The city has seen fewer pedestrian fatalities this year than any since 1910—and maybe even beyond, since that happens to be the first year the city began keeping "reliable statistics." In 1910, the city had far more horses than cars, and getting capped by One Lung Curran at McGurk’s Suicide Hall was a decidedly more pressing concern than getting mowed down by an incompetent driver.
"There is no question we are moving this city in the right direction, thanks to stepped-up enforcement by the NYPD, strong traffic safety measures by the Department of Transportation, new laws passed by our legislators, and the work of New Yorkers fighting for change,” Mayor Bill de Blasio told the Daily News. “This year shows that when we put the force of government and the will of the city behind a goal like Vision Zero, we can get results and make our streets safer.”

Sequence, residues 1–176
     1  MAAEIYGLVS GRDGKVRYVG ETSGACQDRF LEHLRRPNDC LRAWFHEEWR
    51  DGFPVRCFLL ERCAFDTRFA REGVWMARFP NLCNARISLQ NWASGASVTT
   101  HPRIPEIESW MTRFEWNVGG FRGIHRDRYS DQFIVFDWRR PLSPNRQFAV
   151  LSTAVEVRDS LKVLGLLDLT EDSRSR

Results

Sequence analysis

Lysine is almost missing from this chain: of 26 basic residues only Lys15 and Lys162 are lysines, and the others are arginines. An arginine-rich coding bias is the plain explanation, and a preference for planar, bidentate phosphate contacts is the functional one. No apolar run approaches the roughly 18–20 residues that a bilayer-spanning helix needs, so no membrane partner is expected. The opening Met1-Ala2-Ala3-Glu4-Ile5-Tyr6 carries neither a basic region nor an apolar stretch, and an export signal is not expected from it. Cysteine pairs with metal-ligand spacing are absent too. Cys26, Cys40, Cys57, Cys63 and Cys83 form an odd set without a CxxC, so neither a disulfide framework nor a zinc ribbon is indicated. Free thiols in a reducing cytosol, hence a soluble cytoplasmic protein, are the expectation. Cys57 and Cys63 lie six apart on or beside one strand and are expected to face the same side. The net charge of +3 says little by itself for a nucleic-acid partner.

But the city shouldn't strain itself with all its back-patting. As of Sunday, there were still 131 pedestrian fatalities, and 250 total traffic fatalities. (Last year there were 170 pedestrian fatalities.) And the lower numbers can be attributed to any number of lurking variables, like the "Janette Sadik-Khan effect," as one Twitter user shrewdly puts it:
Because I'm lazy and not blogging until after the new year, I Storified that for you. Fascinating, I realize. https://t.co/IyQ7NkhRXz
— Brooklyn Spoke (@BrooklynSpoke) December 30, 2014
Additionally, it's tough to assess the accuracy of the city's crash data, since the numbers differ by agency. The NYPD, for instance, has a habit of releasing information on select crashes only, routinely failing to alert the media on an estimated quarter of all traffic deaths. If a traffic death occurs and it's not flagged by the press, it still happened, believe it or not.
In October, the city's default speed limit was lowered to 25 mph from 30 mph. The city also established 27 arterial "slow zones" to calm traffic on notoriously dangerous thoroughfares, like McGuinness Boulevard in Greenpoint and the Grand Concourse in the Bronx.